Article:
Temporal stability of fMRI in medetomidine-anesthetized rats

Sci Rep. 2019 Nov 13;9(1):16673. doi: 10.1038/s41598-019-53144-y.


Medetomidine has become a popular choice for anesthetizing rats during long-lasting sessions of blood-oxygen-level dependent (BOLD) functional magnetic resonance imaging (fMRI). Despite this, it has not yet been thoroughly established how commonly reported fMRI readouts evolve over several hours of medetomidine anesthesia and how they are affected by the precise timing, dose, and route of administration. We used four different protocols of medetomidine administration to anesthetize rats for up to six hours and repeatedly evaluated somatosensory stimulus-evoked BOLD responses and resting state functional connectivity. We found that the temporal evolution of fMRI readouts strongly depended on the method of administration. Intravenous administration of a medetomidine bolus (0.05 mg/kg), combined with a subsequent continuous infusion (0.1 mg/kg/h), led to temporally stable measures of stimulus-evoked activity and functional connectivity throughout the anesthesia. Deviating from the above protocol-by omitting the bolus, lowering the medetomidine dose, or using the subcutaneous route-compromised the stability of these measures in the initial two-hour period. We conclude that both an appropriate protocol of medetomidine administration and a suitable timing of fMRI experiments are crucial for obtaining consistent results. These factors should be considered for the design and interpretation of future rat fMRI studies.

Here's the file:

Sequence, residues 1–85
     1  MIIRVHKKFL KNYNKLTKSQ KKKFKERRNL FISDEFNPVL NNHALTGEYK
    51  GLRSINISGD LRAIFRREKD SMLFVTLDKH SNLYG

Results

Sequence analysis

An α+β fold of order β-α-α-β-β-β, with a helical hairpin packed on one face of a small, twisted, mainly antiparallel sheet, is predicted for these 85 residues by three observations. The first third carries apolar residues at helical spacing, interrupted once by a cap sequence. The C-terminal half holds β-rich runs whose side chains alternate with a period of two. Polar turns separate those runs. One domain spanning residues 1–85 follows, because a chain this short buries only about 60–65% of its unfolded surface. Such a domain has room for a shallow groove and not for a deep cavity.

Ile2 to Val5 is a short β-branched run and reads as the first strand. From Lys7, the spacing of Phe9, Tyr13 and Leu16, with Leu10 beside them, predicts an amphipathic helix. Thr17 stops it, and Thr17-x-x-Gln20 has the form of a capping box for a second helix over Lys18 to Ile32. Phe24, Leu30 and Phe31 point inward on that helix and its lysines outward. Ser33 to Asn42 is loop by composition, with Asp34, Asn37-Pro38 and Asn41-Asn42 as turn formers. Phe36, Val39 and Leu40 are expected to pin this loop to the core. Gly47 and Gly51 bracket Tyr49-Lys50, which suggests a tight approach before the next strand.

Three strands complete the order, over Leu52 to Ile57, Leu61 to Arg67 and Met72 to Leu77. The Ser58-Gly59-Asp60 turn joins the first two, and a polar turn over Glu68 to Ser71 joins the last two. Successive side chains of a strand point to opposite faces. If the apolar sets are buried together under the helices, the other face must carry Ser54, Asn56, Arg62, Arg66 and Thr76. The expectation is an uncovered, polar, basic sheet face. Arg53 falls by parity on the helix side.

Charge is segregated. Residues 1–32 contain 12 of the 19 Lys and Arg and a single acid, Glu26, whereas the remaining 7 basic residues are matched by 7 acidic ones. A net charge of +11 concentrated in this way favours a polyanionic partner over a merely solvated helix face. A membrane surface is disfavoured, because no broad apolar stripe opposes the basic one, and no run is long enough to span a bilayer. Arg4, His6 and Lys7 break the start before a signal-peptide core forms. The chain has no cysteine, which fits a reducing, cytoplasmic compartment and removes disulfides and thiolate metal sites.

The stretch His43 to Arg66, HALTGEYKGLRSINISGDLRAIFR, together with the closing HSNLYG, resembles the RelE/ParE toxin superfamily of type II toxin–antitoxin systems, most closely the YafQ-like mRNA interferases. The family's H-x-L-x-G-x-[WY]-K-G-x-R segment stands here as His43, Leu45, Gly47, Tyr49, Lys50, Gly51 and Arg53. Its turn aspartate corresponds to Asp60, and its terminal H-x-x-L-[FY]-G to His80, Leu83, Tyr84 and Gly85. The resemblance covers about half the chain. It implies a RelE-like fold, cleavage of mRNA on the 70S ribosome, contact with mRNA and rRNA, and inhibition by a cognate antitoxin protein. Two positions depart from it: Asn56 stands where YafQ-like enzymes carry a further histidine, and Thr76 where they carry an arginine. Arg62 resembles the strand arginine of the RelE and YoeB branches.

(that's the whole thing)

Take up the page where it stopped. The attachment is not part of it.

Publication types

  • Research Support, Non-U.S. Gov't

MeSH terms

  • Animals
  • Brain / drug effects
  • Brain / physiology*
  • Brain Mapping / methods*
  • Evoked Potentials, Somatosensory / drug effects
  • Evoked Potentials, Somatosensory / physiology*
  • Female
  • Hypnotics and Sedatives / administration & dosage*
  • Magnetic Resonance Imaging / methods*
  • Male
  • Medetomidine / administration & dosage*
  • Rats
  • Rats, Wistar
  • Rest / physiology


  • Hypnotics and Sedatives
  • Medetomidine